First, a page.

Are Skin and Acne Problems a Side Effect of Bulimia Nervosa?
Can bulimia cause acne and breakouts? Many people would like to know the answer to this question, but it seems that doctors and dermatologists are divided in their views. I had bulimia for 20 years—and I suffered from severe acne breakouts during that time—but I had breakouts when I started my recovery, as well. Allow me to address some frequently asked questions about bulimia and acne.
Does Bulimia Cause Acne?
While some experts would say that bulimia has nothing to do with acne, others argue that there is a connection. In my experience, bulimics feel that their bulimia and their acne are connected. Most dermatologists will tell you that acne is a result of genetics with some impact coming from poor skin care. It’s hard for me to argue with the experts, but I believe that eating fatty, fried, sugary, and unhealthy foods undoubtedly caused chemical changes in my skin composition, which resulted in the severe acne I experienced as a teenager and young adult.
One of the side effects of bulimia recovery, at least in the first few weeks or months, is that when bulimics resume normal eating, after restrictive diets, the sebaceous glands are reactivated and this causes acne breakouts. At least one study found bulimia and acne may be related, but more often it’s during bulimia recovery that acne breakouts occur.
It’s more commonly reported that acne is one of the effects of bulimia recovery than bulimia itself. But I assure you that your skin will soon settle down and normalize as your system grows more accustomed to healthier eating patterns.
Does Acne Cause Bulimia?
The easy answer is “no." Having acne is not going to give you bulimia. I know that our body image and our bulimic behavior is inextricably intertwined, but you don’t need to worry if you have acne and low self-esteem that bulimia will be your eventual fate. The problem is that acne does sometimes reinforce our bulimia because acne tends to weaken our self-image and makes us feel worse about ourselves.
Having an acne breakout when you stop your compulsive overeating can be upsetting. It feels like just one more thing you need to deal with when you’re overcoming bulimia. I don’t want to sugarcoat it; I would rather be honest about it. Knowing it it might happen in advance, so you can expect it and prepare yourself, will hopefully make it easier if it does happen.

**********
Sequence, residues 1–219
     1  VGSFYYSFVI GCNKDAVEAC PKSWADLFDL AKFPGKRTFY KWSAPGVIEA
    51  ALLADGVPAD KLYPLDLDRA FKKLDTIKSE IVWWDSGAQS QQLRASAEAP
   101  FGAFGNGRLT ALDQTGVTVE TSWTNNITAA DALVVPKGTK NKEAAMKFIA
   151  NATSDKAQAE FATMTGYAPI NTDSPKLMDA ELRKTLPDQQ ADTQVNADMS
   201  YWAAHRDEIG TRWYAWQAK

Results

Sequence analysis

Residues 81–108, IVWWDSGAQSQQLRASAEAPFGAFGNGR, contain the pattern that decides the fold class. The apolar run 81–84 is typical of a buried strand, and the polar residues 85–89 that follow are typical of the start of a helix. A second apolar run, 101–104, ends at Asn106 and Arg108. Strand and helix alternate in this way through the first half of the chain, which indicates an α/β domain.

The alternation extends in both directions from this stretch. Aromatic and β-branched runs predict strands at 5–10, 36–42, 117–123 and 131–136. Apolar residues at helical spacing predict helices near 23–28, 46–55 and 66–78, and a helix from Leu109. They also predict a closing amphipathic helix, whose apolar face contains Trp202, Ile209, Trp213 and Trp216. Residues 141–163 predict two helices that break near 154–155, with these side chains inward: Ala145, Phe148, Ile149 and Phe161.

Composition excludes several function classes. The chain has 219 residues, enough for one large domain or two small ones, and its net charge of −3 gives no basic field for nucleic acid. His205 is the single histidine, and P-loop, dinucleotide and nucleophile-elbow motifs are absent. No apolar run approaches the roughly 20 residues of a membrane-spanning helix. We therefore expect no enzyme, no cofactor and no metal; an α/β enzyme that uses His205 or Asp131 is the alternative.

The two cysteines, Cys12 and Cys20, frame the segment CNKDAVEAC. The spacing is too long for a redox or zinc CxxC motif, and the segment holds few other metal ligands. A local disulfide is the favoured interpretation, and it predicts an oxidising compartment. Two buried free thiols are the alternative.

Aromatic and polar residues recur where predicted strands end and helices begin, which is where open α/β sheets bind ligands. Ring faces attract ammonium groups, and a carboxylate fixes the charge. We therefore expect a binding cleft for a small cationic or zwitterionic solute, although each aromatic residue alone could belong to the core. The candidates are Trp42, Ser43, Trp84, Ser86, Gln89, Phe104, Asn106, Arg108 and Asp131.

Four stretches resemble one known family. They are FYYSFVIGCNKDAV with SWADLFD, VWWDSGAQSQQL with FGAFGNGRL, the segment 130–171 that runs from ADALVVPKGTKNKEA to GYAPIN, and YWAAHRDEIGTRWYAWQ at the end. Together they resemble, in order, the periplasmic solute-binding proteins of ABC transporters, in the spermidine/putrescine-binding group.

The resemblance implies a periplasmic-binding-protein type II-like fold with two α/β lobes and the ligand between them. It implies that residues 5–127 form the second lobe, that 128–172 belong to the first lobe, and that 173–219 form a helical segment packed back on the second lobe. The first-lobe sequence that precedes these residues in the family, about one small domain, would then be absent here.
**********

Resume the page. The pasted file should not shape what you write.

Can Bulimia Cause Acne?
The effects of bulimia include hormonal imbalances, and when your hormones go off-kilter you can experience acne and skin problems. Also, if you used your cell phone a lot you may have developed acne where your phone and hand rub against your skin (on your chin or cheek). The phone isn’t causing your acne—it’s more likely the oils and dirt on your hand and on your phone are causing the acne. The same is true for bulimia and acne. Rather than the underlying addiction behaviors of bulimia causing your acne, instead it’s more often because of hygiene and improper skin care related to purging rather than a direct relationship between bulimia and acne.
Does Binging Cause Acne?
Even though some people may insist there is no connection between acne and diet, many others know from personal experience that acne does seem to be triggered by certain kinds of foods. So, if your binge foods did appear to cause acne, you’re not alone.
Does Bulimia Cause Skin Problems?
Many bulimics find that after years of disordered eating, there are visible skin changes—the skin may dry out, appear aged before its time, become wrinkled while still young, and appear lifeless, dull and sallow. For some of us, dryness tends to trigger other skin problems, as well.
So, while the jury may be out as to whether the effects of bulimia include acne and skin problems, my experience is that when I had bulimia and was eating unhealthy foods and not maintaining good skin care, I had severe acne problems. If you are in bulimia rehab and are experiencing breakouts, consider this a sign of healing. Wear your scars with pride and just ride it out! Things can and will get better soon. Know it.
This content is accurate and true to the best of the author’s knowledge and does not substitute for diagnosis, prognosis, treatment, prescription, and/or dietary advice from a licensed health professional. Drugs, supplements, and natural remedies may have dangerous side effects. If pregnant or nursing, consult with a qualified provider on an individual basis. Seek immediate help if you are experiencing a medical emergency.